There is always hope.
Moderates may not fit neatly or fully into any one group, but we find friends and colleagues and mutual beliefs in just about every group. We can sit at tables with people of different perspectives and practices and find something on which to agree. The most gifted moderates I am acquainted with can see the merits in other people’s arguments and understand what motivated them to draw such conclusions. The best moderates I know are gifted peacemakers and perceptive and wise. Moderates have the ability and calling to hold in tension many beliefs and ideas that polar groups are less willing or able to hold. Like old wineskins, many polar viewpoints burst with new ideas or thoughts. And that is sort of what is happening all around us.
So, we develop new wineskins. Not out of anger, frustration, or exhausted resignation. We create a middle space (a “third way” as has often been said of late) and invite any who would come to join us in seeking kingdom work. Chances are there are people from polar positions willing to come into a middle space. There are likely even more people who refuse to join a pole who would be extremely eager to join in that middle space if they know they existed and won’t be attacked at the front door.
What could be more Baptist than that? Jesus spent time with the polar groups. Pharisees to his right, prostitutes to his left. Sadducees at his table, broken and wounded people around his feet. The demon possessed on his left and tax collectors on his right. Mixed crowds of people on hillsides during the day and secret discussions with a single Pharisee in the evening.
But he never stayed there. He found his greatest rest with his intimate group of disciples. And when they became too much, he went off into solitary places to pray alone.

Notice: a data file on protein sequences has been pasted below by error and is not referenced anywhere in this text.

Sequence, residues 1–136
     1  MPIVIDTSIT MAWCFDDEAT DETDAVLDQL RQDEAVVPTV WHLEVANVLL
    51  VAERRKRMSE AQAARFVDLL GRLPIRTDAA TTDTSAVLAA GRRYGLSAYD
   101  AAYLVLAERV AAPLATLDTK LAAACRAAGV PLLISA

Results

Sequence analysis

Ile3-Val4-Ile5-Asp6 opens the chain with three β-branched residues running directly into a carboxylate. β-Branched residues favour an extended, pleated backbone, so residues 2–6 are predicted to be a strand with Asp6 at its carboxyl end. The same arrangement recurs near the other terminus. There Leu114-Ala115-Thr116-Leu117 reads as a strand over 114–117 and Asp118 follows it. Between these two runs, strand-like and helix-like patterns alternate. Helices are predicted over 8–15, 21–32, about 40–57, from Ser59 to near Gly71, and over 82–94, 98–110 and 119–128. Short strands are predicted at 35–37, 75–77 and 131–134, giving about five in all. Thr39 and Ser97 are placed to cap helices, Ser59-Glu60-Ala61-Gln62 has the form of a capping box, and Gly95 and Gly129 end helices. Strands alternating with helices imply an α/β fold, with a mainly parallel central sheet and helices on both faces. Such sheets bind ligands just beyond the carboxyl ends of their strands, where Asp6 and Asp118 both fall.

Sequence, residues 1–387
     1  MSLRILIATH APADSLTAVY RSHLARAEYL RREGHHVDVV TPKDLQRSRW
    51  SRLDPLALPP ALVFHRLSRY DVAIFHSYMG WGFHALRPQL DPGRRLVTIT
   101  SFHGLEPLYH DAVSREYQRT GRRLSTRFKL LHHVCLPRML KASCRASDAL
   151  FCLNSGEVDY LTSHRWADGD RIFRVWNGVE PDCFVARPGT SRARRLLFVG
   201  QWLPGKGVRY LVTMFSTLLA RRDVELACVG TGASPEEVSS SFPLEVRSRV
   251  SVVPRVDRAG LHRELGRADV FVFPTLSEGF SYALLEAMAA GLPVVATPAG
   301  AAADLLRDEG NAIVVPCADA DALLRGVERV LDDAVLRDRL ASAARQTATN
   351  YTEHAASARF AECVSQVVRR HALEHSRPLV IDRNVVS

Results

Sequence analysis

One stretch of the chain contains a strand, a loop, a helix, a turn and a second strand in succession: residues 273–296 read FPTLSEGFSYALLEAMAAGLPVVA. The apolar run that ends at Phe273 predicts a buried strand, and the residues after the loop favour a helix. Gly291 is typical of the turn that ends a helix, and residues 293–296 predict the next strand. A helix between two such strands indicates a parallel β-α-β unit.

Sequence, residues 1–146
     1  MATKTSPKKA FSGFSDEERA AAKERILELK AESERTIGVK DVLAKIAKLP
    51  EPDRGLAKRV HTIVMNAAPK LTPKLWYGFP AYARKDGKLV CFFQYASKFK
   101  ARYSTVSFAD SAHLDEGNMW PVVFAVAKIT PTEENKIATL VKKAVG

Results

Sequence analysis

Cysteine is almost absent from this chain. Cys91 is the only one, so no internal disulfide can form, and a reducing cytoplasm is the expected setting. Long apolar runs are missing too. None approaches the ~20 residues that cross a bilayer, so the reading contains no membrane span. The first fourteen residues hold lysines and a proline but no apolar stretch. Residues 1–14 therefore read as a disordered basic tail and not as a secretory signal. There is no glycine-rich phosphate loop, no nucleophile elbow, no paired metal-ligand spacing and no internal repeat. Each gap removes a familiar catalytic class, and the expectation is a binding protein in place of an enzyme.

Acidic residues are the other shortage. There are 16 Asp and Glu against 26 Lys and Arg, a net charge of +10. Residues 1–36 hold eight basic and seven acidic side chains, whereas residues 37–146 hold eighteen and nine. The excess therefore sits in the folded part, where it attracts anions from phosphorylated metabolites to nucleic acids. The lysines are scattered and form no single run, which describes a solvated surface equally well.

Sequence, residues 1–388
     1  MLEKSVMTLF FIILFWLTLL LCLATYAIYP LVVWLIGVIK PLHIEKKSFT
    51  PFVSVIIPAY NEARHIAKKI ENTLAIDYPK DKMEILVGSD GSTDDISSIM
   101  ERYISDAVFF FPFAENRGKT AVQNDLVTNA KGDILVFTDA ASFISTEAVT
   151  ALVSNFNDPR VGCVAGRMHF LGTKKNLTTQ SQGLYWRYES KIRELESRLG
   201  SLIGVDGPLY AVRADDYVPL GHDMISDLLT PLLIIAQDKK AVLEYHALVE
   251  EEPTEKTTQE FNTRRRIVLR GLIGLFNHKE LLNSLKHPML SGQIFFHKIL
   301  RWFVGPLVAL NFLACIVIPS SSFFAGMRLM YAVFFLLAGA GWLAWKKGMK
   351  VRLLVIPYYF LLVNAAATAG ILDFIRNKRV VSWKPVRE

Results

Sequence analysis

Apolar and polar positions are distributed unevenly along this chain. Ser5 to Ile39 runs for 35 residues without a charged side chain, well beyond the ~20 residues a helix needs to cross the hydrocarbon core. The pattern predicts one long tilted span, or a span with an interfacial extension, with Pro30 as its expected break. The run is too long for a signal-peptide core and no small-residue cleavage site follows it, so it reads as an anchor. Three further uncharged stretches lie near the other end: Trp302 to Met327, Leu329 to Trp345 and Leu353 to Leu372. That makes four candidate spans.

I think perhaps part of the difficulty of being moderate is that we no place to lay our heads. But neither did Jesus.
Is that arrogant? Yeah, it sounds arrogant. Still, a model worth trying to pursue? Possibly.
I think the idea of a small network of people you can trust and rely on to share your burdens with is important. Much like Jesus’s most intimate friends, a space where he could converse, rest, and prepare to reengage the poles. Having a small network of organizations and churches by which to partner in mission and ministry is equally important. These new networks seem to be developing all around us, springing up at irregular intervals when participating in the existing polar bodies becomes too much to bear.
Will these new networks serving as new wineskins ever match the prestige, size, and scope of previous iterations? Will any of them have a global impact or will they always remain local and contextually defined? Will any of them become “denominations”? I don’t know. I am grateful they are small, contextual and a little unorganized right now. It allows for more input from more voices. It creates space for greater creativity and risk. It pushes Baptist beliefs like emphasis upon the biblical narrative, local church autonomy, priesthood of the believer and separation of church and state front and center.